by susanb55

great piece
This is a great piece, susanb55! It is well-written, and packs quite a punch.

The radical right-wing that you refer to has been around for a very long time. I have a book titled The Radical Right which was published in 1964, when the US public was still smarting from the McCarthy debacle. If I were to change all the names in the book, and substitute modern counterparts, you would find the scenario indistinguishable from the events of today.

The US seems to go through this nonsense at least every thirty or forty years, and so far it has only served to bring out the best in people in the long run.

When the McCarthy hearings were brought to a timely end, what was most surprising was how anticlimatic an affair it was. McCarthy stepped over the line, his peers said, "That it! You're out of here!" And that was that.

The whole debacle was surreal and confounding. Though a right-wing, professed anti-semite, McCarthy's right hand man, and one of the worst offenders, was Jewish. This is reminiscent of Adolphe Hitler, whose mother was thought to have been at least part Jewish.

My paternal grandfather, who was born in Lyons, Colorado, often said of the States that, "You'll find the best and the worst in this country." And so far, the best has always won out.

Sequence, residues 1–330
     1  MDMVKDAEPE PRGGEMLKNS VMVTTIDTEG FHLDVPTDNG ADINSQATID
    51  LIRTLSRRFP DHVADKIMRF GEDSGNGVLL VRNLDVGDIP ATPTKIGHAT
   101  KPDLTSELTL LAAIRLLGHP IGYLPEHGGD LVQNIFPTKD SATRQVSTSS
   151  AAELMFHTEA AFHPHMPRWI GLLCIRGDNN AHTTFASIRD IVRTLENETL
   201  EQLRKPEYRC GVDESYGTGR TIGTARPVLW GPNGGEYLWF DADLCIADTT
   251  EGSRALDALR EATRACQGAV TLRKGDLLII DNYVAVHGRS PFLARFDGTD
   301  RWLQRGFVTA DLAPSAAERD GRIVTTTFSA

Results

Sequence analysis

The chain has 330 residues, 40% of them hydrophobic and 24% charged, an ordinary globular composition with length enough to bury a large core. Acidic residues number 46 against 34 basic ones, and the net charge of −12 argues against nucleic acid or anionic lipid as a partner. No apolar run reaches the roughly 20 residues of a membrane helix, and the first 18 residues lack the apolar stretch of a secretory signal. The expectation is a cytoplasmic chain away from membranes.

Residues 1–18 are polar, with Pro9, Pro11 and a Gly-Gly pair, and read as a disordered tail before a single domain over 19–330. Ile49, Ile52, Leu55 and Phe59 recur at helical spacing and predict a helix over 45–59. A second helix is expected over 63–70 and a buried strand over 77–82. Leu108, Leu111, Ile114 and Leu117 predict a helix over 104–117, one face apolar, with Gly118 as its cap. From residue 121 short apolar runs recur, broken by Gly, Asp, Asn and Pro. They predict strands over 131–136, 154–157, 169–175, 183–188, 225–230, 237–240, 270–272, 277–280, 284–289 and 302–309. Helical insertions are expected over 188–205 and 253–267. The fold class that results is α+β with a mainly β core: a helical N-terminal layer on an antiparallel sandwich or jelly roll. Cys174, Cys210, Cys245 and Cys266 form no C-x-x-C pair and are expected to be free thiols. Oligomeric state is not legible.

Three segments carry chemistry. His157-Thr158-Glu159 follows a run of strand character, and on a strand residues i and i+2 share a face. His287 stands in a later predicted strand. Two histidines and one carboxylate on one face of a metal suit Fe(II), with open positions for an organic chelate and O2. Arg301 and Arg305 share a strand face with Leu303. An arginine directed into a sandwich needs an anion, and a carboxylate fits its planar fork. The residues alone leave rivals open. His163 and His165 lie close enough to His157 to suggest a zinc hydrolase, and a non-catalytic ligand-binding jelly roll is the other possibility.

Your piece is yet another example of that.

( Posted by: gsmonks [Member] On: February 22, 2004 )

RE: Culture War
First, let me preface by saying how I enjoyed your blog. You've well thought out and intelligent opinions and perspectives. Now let me tell you why you're wrong.
First, Jerry Falwell does not embody the culture war, if anything I do. I'm a middle of the roader, who for several years now, after voting Clinton in twice, have become Republican. This is because I've picked the lesser of two evils, and labeled liberalism an insane disease. More on that later.
You said 'There is no culture war.' But there is all the time, everywhere, and in all levels of human relationships (NAFTA or Isolationist/ English or bi-tri-quad-lingual/ socialism or limited government/ and inevitably freedom Of or From religion) The last one you mentioned briefly with Keyes. His interpretations ares quite in keeping with the original intent of the clause, where public religion was not banned, as it is now, merely discrimination proof. I'm sure you've noticed that public schools teach world religion and even practice yoga but they don't teach christianity nor can they have a moment of silent voluntary prayer after meditating on buddah's bliss for an hour. It seems reverse discrimination is the end result of liberalism here.
Does this mean I want a lingam in my courtroom? Of course not. Moore was wrong to force the issue, and he disobayed a higher court (even though I personally oppose federal courts having such authority over states) But I must defend the freedom to express my religion and to have open forums for such expression, even if it offends people. That's what the first amendment does, it offends somebody.